Limited action of papain on the native forms of two cellobiohydrolases (CBH) from Trichoderma reesei (CBH I, 65 kDa, and CBH II, 58 kDa) leads to the isolation of the respective core fragments (56 kDa and 45 kDa) which are fully active on small, soluble substrates, but have a strongly reduced activity (respectively 10% and 50% of the initial value) on microcrystalline cellulose (Avicel).
By partial sequencing at the C terminus of the CBH I core and at the N terminus of the CBH II core the papain cleavage sites have been assigned in the primary structures (at about residue 431 and 82 respectively). This limited action of papain on the native enzymes indicates the presence of hinge regions linking the core to these terminal glycopeptides. The latter conserved sequences appear either at the C or N terminus of several cellulolytic enzymes from Trichoderma reesei [Teeri et al. (1987) Gene 51, 43–52].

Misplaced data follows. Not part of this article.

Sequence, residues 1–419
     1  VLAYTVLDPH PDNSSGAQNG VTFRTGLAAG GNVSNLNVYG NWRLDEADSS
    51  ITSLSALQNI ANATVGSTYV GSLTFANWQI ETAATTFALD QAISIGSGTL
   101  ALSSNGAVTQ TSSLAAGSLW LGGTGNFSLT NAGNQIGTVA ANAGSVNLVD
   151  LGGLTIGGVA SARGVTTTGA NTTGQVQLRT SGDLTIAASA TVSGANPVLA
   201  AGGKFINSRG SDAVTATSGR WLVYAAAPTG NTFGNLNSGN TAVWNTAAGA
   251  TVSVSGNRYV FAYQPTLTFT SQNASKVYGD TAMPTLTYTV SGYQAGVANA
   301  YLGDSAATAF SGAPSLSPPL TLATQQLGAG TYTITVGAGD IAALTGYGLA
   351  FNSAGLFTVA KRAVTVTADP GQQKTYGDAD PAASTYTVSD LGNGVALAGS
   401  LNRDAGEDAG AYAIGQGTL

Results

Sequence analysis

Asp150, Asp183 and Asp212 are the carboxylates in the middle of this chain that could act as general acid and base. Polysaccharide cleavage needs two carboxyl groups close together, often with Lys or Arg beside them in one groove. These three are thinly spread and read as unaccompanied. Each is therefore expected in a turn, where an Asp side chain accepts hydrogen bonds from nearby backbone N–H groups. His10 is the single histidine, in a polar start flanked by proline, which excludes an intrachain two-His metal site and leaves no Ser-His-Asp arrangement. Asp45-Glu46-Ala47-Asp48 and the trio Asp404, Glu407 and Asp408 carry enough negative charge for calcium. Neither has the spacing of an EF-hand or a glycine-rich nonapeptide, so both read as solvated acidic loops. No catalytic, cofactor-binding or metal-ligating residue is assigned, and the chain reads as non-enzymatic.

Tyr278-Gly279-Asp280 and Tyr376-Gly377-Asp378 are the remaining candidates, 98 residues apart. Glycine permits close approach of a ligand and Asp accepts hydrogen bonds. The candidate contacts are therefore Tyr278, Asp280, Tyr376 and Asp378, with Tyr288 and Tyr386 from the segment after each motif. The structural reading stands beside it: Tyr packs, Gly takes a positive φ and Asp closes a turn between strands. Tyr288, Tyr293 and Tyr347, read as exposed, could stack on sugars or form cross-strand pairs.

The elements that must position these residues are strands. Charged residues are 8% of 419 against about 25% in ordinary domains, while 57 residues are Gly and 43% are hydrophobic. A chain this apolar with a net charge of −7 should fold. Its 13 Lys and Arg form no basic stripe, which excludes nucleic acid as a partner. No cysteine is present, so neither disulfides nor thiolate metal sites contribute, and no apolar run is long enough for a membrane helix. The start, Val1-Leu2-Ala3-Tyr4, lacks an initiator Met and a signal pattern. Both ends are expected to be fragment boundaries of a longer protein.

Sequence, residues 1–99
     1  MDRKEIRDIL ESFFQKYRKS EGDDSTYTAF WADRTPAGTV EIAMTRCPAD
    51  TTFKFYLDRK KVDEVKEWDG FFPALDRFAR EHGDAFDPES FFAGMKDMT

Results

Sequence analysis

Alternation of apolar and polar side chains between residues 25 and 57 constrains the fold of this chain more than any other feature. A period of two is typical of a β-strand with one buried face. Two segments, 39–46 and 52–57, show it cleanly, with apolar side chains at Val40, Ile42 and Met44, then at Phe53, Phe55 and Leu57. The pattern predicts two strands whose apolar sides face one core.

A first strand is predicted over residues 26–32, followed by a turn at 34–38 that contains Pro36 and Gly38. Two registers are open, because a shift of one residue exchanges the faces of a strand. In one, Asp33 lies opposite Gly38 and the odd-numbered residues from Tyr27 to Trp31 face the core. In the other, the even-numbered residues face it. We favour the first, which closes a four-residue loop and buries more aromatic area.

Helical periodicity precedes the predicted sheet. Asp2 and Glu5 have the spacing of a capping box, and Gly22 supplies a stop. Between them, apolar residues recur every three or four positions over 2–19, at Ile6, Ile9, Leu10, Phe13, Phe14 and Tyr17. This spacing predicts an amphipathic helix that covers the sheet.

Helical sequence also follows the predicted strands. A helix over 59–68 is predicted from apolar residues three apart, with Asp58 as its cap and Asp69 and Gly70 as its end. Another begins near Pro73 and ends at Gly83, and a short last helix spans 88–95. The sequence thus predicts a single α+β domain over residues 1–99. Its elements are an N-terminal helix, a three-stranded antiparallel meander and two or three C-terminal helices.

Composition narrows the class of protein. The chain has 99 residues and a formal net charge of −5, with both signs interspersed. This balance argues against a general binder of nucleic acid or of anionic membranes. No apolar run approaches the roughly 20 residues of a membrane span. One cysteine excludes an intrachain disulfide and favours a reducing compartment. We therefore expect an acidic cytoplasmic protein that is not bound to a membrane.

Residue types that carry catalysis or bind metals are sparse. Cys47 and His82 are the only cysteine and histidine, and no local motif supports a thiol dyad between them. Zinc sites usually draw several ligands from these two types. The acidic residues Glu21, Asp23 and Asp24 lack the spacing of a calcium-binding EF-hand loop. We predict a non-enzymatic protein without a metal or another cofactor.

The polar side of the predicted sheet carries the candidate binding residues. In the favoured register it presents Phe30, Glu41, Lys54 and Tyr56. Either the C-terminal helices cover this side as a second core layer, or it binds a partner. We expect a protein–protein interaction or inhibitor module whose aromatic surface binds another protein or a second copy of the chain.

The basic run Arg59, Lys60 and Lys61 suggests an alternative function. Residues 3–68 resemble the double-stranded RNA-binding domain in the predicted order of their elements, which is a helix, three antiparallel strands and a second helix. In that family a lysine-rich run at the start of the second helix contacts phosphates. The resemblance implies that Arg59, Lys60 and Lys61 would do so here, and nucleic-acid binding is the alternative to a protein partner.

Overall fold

The specific activities of the intact enzymes and their cores on two forms of insoluble cellulose (crystalline, amorphous) differentiate the CBH I and CBH II in terms of adsorption and catalytic properties. Distinct functions can be attributed to the terminal peptides: for intact CBH II the N-terminal region contributes in the binding onto both cellulose types; the homologous C-terminal peptide in CBH I, however, only affects the interaction with microcrystalline cellulose. It could be inferred that CBH I and its core bind preferentially to crystalline regions. This seems to be corroborated by the results of CBH I/CBH II synergism experiments.